The triumph of pro-Brexit in the 23 June, 2016 referendum sent shockwave across Europe and beyond. The apprehension was further compounded by Donald Trump’s victory in the November 8, 2016 United States Presidential election. Since then, many European leaders have been on the edge because of the rise of populism. They fear that the 2017 line up of elections in Europe might destabilize the region should the far right ideologists prevail. But analysts say the result of the Netherlands elections, in which the incumbent Prime Minister, Mark Rutte won by a landslide presents a life-line for European leaders in disarray. OMONU YAX-NELSON writes.

The boom of populist ideology across Europe and the United States which caused palpable apprehension throughout 2016 and the build up to many elections across Europe in 2017, seems to have busted. With the brilliant performance of VVD Liberal Party of incumbent Dutch Prime Minister, Mark Rutte.
Results from the Netherlands election say Prime Minister Mark Rutte’s party won the most seats in Parliament, 32 out of the 150 seat parliament. Experts in International politics say, with this result, the anti-immigrant, anti-Islam nationalist Geert Wilders has been squarely nipped in the bud.
Rutte’s center-right People’s Party for Freedom and Democracy is expected to take 32 of 150 seats, far ahead of any other party. The surging CDA Christian Democrats claimed 20.
Rutte, who is basking in the euphoria of his party’s landslide victory, did not however, have enough majority to form government. Thus necessitating a coalition government in which he is to serve a third term as prime minister.
Rutte called the election results “a celebration of democracy,” because, according to him, the Netherlands has said no to the “wrong kind of populists.”
Election analysts say, Rutte may have performed better because of his hardline stance in its diplomatic standoff with Turkey over the past week.
Diplomatic brawl had erupted with Turkey over the Netherlands’ refusal to let two Turkish government ministers address rallies in Rotterdam about a referendum that could give Turkey’s President Recep Tayyip Erdogan more powers. It gave Rutte an opportunity to show his statesmanship by refusing to bow to foreign pressure, a stance with widespread backing in the nation.
Rutte’s victory came as a huge relief to various European leaders who are voicing their approval of the election’s outcome. Many European leaders had come under intense apprehension of populist resurgence, which began with the Thursday 23 June, 2016 Britain’s referendum vote to exit the Pan European body, European Union (EU), in what was popularly referred to as ‘Brexit.’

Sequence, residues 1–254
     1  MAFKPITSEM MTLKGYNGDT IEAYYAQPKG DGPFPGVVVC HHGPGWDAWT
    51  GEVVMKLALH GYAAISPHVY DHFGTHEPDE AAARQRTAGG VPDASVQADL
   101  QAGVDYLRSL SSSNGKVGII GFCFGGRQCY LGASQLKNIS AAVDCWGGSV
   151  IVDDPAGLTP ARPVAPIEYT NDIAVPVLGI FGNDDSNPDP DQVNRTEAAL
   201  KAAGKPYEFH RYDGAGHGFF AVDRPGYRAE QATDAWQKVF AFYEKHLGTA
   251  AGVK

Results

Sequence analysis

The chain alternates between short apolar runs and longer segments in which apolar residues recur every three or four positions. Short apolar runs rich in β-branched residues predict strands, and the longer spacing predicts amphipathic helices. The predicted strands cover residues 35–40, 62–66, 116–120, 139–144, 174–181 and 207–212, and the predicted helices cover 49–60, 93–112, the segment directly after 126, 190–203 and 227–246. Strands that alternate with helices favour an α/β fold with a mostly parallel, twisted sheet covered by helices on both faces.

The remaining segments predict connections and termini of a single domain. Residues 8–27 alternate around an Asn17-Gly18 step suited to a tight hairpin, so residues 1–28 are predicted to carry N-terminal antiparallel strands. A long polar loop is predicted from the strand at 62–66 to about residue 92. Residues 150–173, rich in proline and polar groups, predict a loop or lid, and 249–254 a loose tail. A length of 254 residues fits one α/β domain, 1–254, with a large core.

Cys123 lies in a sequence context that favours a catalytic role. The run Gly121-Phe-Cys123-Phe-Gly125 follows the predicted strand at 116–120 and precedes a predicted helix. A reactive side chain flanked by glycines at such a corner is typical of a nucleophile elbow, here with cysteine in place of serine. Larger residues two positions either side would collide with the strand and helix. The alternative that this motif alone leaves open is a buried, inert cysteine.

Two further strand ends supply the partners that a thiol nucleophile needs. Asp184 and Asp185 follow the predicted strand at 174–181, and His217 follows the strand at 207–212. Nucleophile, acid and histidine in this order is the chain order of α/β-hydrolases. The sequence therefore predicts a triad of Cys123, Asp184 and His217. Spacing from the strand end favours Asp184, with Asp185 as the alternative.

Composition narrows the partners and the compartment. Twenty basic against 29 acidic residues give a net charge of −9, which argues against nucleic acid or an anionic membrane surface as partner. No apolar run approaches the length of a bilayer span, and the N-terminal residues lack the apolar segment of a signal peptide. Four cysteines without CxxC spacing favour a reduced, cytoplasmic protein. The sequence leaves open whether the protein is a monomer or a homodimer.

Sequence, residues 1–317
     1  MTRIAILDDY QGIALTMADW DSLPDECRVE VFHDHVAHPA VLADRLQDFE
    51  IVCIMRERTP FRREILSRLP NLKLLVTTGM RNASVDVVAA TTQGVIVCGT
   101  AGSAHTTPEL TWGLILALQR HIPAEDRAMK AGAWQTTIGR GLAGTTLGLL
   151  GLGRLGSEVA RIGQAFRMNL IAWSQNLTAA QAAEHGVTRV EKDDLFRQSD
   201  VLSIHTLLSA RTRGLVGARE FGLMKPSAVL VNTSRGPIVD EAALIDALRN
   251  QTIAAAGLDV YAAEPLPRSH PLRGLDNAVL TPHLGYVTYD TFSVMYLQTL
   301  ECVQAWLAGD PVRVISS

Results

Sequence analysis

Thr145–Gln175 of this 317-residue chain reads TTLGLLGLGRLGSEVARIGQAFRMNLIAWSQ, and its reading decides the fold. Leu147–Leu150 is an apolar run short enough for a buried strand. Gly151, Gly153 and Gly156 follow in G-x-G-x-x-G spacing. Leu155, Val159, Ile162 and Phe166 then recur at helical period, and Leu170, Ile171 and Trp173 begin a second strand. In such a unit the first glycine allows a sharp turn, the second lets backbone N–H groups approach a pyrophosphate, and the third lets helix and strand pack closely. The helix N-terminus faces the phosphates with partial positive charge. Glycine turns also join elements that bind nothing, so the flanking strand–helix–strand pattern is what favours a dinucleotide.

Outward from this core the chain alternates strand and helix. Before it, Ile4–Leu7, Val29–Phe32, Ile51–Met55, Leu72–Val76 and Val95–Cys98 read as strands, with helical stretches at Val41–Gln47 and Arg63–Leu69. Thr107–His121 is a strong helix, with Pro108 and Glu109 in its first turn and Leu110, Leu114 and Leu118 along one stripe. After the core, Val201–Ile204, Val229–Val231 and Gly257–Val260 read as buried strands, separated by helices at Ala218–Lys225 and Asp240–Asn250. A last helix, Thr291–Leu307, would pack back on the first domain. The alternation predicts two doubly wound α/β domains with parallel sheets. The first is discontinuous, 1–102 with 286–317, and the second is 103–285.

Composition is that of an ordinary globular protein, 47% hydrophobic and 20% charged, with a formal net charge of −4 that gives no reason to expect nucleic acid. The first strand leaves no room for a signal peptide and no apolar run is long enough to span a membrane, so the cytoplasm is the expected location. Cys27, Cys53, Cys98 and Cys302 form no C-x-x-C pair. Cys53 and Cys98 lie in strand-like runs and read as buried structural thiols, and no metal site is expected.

The populist tension reached breaking point when Donald J. Trump took American political landscape by storm with his protectionist, anti-immigration—Islam rhetoric. The apprehension to got a point that the Catholic Pontiff, Pope Francis warned against the rise of populist government around the world.
With Trump’s triumph in the November 8, US presidential election, most analysts then, concluded that the March 2017 election was more likely go the way of the anti-immigrant, anti-Islam nationalist Geert Wilders.
They also fear that, if the populist ideology triumphs in the Netherlands, it might have domino effect on France, whose election and that of the Netherlands are just a month apart. France’s far right candidate Marine Le Pen has surged in popular support in the build up to the April, 2017 French election.
The Socialist Party candidate in next month French election and incumbent President, Francois Hollande who bookmakers fears may suffer defeat in April election released a statement praising “the values of openness, respect for others, and a faith in Europe’s future” as the only true responses to nationalism and isolationism.
Similarly, the elegant German Chancellor Angela Merkel, whose approval rating or popularity has nose-dived because of his pro-immigration stance also called Rutte by phone.
Polls in recent time saw the German Centre-left Social Democrats opposition leader, Martin Schulz surge past Merkel’s Christian Democratic Union, CDU. Analysts say the turn of event in might be the beginning of the rebuke of right wing populism in Europe. This analyst say may be soothing relief for Merkel and Hollande who many say might be the first casualty of populist resurgence in Europe and elsewhere.
Wilders’ run was seen as the latest test of a wave of populism to sweep across Europe, extending as far as the United States across the Atlantic Ocean. After Britain sent shock waves across Europe by voting to leave the EU, Wilders’ climb to prominence was seen as further warning that cooperation among European nations could be threatened.
Wilders campaigned on pledges of banning Muslim immigrants, closing mosques, prohibiting the sales of the Quran and a desire to withdraw from the European Union.

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